>> Similarly if C was patented then we shouldn't have seen so much of growth in software development.
It is the chicken and egg question. The true fact is that the software lawyers are smarter than their hardware equivalents. When you buy Windows and want to build an application on it, you pay Microsoft license on the product. But Intel powers the OS for Windows and they simply pay-out for the hardware. Intel could have also asked for royalty for OS running on their hardware. Oracle gets money from banks running banking applications powered by Oracle. Yet, IBM and co that supply the server do not (only puchase revenue).
>> , I totally agree with you. Software is as important as hardware for optimal systems performance.Some times the performance is limited by the software and not hardware.
That is why they have valuations in multiples better than IC startups becuase they make all the difference. Hard to see any IC firm at startup phase with $250M valuation. Yet, we see these web startups in the north of billions of dollars.
Seems to finally rule out Amazon's "One Click" which is long overdue, along with dozens of other SW implementations of existing HW. Take Apple's slide switch to turn off a phone, slide switches have been in use longer than I've been alive and yet they want to patent that LOL!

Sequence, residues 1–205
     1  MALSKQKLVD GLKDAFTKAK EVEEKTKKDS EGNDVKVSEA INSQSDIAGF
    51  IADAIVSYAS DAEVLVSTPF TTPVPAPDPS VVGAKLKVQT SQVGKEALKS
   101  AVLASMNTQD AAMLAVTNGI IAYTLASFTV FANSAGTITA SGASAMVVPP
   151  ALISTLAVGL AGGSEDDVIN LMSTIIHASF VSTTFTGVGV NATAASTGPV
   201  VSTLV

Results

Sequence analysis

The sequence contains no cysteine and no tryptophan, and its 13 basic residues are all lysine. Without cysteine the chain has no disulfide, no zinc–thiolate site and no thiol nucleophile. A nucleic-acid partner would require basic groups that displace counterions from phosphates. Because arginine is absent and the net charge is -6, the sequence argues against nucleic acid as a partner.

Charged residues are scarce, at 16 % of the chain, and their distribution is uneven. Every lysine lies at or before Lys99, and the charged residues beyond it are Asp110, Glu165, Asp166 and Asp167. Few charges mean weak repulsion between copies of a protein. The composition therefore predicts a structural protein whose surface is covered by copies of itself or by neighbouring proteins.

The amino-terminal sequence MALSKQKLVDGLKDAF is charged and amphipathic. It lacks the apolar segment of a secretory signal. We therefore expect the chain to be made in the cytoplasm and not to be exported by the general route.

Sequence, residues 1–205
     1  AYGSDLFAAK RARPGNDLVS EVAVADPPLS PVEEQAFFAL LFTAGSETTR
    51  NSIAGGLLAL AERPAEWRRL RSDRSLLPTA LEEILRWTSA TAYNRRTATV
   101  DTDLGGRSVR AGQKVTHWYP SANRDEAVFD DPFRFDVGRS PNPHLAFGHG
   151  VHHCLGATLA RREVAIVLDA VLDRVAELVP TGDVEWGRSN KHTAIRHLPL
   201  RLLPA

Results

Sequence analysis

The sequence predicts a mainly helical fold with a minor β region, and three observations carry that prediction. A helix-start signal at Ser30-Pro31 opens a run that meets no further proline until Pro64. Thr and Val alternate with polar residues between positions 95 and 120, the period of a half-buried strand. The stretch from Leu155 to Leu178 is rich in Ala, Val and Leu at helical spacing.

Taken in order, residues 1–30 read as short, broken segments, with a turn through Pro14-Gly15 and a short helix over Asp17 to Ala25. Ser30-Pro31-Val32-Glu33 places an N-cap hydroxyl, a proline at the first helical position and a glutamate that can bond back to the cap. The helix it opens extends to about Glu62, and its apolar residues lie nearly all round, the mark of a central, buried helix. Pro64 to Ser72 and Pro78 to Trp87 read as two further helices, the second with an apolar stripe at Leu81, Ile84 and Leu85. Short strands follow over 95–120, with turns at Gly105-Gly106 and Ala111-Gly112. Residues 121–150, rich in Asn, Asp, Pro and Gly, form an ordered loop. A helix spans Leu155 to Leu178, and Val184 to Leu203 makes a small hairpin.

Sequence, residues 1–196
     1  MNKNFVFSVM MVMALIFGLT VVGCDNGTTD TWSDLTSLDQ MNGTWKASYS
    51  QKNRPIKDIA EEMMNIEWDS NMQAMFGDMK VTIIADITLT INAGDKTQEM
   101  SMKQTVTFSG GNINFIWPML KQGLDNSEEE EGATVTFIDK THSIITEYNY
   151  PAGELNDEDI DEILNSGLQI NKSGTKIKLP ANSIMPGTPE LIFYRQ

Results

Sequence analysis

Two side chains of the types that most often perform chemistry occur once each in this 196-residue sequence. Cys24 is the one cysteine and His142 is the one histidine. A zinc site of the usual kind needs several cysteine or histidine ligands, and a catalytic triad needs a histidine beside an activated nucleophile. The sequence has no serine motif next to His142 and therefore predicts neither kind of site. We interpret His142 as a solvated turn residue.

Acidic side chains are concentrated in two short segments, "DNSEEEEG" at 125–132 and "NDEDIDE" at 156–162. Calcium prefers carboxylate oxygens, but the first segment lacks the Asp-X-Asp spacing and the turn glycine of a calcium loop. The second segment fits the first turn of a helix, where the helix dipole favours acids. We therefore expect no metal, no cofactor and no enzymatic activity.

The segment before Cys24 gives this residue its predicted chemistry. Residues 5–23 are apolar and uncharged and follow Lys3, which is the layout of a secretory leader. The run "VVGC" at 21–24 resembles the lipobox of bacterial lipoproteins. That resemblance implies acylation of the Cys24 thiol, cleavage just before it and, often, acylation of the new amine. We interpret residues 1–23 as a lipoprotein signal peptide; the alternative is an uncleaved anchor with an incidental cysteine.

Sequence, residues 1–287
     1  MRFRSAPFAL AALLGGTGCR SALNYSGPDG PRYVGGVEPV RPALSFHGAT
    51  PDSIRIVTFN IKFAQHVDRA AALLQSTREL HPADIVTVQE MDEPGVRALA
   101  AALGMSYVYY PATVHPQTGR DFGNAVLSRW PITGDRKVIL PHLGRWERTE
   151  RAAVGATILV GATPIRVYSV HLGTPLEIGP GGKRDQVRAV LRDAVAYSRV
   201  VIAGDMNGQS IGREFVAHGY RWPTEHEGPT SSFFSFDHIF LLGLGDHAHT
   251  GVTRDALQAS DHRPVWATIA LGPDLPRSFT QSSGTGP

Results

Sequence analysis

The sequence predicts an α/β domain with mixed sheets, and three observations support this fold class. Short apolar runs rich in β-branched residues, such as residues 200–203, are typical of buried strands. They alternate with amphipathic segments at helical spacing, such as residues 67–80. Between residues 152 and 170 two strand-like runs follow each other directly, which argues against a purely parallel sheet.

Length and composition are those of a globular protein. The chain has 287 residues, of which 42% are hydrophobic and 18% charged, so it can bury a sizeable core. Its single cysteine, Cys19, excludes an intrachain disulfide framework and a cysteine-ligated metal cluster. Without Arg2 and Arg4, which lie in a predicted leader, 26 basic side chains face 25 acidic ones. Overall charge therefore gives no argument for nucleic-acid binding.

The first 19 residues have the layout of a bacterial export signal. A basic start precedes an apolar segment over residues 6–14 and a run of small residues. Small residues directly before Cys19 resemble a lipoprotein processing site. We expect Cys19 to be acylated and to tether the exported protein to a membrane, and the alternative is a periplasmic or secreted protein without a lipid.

Per comments, it's important to clarify that the Supreme Court did make a decision *on one case* and not all software patents; though the decision has implications on future patent requests.
Several commenters also have taken issue with abstract ideas being patentable, and I think there may have been confusion over the lede in this article. Software has not always been considered an abstract idea, but abstract ideas have long been considered patent ineligible:
Step 2: Does the claim wholly embrace a judicially recognized exception, which includes laws of nature, physical phenomena, and abstract ideas, or is it a particular practical application of a judicial exception? See Bilski v. Kappos, 561 U.S. ___, ___, 130 S. Ct. 3218, 3225, 95 USPQ2d 1001, 1005-06 (2010) (stating "The Court's precedents provide three specific exceptions to § 101's broad patent-eligibility principles: 'laws of nature, physical phenomena, and abstract ideas.'") (quoting Diamond v. Chakrabarty, 447 U.S. 303, 309, 206 USPQ 193, 197 (1980)).
"A principle, in the abstract, is a fundamental truth; an original cause; a motive; these cannot be patented, as no one can claim in either of them an exclusive right." Le Roy v. Tatham,55 U.S. (14 How.) 156, 175 (1852).